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Flying Returns

With the Indian aviation industry in for sweeping changes, young aspirants may well realize their dream of earning their wings, says Dr. N G R Iyengar

With the Indian aviation industry in for sweeping changes, young aspirants may well realize their dream of earning their wings, says Dr. N G R Iyengar

After a slight slug in early 2013, the Indian aviation industry is on the way to bounce back with a projected growth of six per cent this year. What’s more it is set to become the 3rd largest aviation market by 2020.

In October last, India’s civil aviation segment grew by 11.5 per cent only in domestic air traffic. This coincided with another interesting development. In their market forecasts last year, Airbus and Boeing estimated a demand from India for 1,232 and 1,450 planes.

The growth of the private airline industry here has led to a steep rise in the number of private airlines and airports. Quite evidently, private airlines have been living up to the reputation of being an employment generator, considering the number of employment opportunities it offers. In the 12th economic plan, major investments- to the tune of $8000- have been allotted for the airports. Mumbai and Delhi will be getting an investment of $3000 million each, while Kolkata and Chennai have been allotted $1000 million each; another $ 2000 have been earmarked for air traffic improvement and modernization. The remainder will go into Greenfield projects.

The entry of private players into the field and the adoption of the PPP model have heralded changes in this sector. A Model Concession Agreement is being developed for standardizing and simplifying the PPP transactions for airports, on the analogy of the highways sector. This would include upgrading of the ATC services at the airports. Issues relating to customs, immigration and security are also being resolved in a manner that enhances the efficiency of airport usage. The Airport Authority of India is planning to set up the second Greenfield airport at Navi Mumbai using a PPP model at an estimated cost of USD 2.5 billion.

The aviation industry has two main branches:

Flying branch,

Operational and maintenance branch.

While pilots are entrusted with flying the aircraft, aircraft maintenance engineers are concerned with its maintenance. The present day aircrafts are very sophisticated and require pilots to have good knowledge. Narrowing down to the opportunities for the ground staff, the maintenance engineer is responsible for the control, maintenance and repair of the specialized aircraft. Testing of engine controls, avionics and the very need for maintenance of the new advanced aircrafts becomes a challenge in itself. This calls for a very high degree of technical knowledge, competence, proficiency, dexterity and integrity on part of the concerned personnel. Aircraft engineers need to research, design, and manufacture and maintain aircraft. They work on any and every mechanical aspect of the craft, including airframes, avionics, hydraulics and pneumatics, engines and fuel systems and control and communications systems.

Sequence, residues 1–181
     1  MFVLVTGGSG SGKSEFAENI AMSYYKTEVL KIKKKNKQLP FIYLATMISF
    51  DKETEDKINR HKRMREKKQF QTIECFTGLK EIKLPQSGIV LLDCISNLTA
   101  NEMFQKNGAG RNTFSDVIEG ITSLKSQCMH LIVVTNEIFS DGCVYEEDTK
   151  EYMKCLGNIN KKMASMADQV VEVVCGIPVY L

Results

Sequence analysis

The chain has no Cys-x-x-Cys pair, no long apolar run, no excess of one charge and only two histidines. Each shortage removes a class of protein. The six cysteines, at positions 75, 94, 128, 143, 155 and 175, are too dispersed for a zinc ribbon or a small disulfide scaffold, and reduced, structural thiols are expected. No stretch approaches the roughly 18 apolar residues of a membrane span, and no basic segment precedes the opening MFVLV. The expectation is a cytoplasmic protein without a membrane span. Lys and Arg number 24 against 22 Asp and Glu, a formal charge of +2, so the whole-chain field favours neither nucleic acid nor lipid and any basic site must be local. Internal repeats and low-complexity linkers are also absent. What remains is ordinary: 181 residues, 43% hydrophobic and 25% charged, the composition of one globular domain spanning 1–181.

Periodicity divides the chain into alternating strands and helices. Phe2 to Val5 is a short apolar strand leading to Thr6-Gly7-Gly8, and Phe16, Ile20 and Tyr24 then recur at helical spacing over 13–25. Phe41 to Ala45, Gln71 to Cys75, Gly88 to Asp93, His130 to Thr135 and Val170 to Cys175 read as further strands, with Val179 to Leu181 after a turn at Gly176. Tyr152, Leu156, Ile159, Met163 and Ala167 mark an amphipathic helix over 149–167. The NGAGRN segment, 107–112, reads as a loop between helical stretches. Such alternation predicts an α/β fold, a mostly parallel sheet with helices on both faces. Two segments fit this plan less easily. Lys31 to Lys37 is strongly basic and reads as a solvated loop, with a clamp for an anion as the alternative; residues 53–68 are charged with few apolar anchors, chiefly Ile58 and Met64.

Aeronautical/aerospace engineers work on all kinds of aircrafts ranging from gliders to space shuttles. Development of new technology in the field of aviation, space exploration and defense systems have generated the need for aeronautical/aerospace engineers. Every aircraft needs proper maintenance and overhauling before it is certified to fly. The engineering division in aviation sector is responsible for ensuring that aircrafts are fit to fly and specializes in research and development, and maintenance of commercial and military aircraft, missiles, spaceships, spacecrafts etc. Aeronautical engineering also has vast research opportunities in both government and private industries

The career roles in aerospace industry can be grouped under broad categories of managers, analysts, consultants, scientists, and maintenance and design engineers. As technical jobs for the aviation sector are increasingly becoming a hot-cake, the opportunities for B. Tech and M. Tech fresher with different specializations are booming. At the same time, there is an increase in the number of people who are looking for a change in managerial jobs, and who are particularly suited to the needs of aviation.

Although the investment figures and the job roles are impressive enough to convince people about opportunities in the aviation sector, what needs to be probed into is the question of availability of skilled manpower tailored to the needs of this sector. Although India has numerous aircraft training academic installations including pilot training institutes, the focus now needs to be on quality of education and the research capabilities. It is always better to have responsible pilots and effective managers rather than creating their semi-skilled counterparts.

The author is the director, Institute of Aerospace Engineering and Management, Jain University

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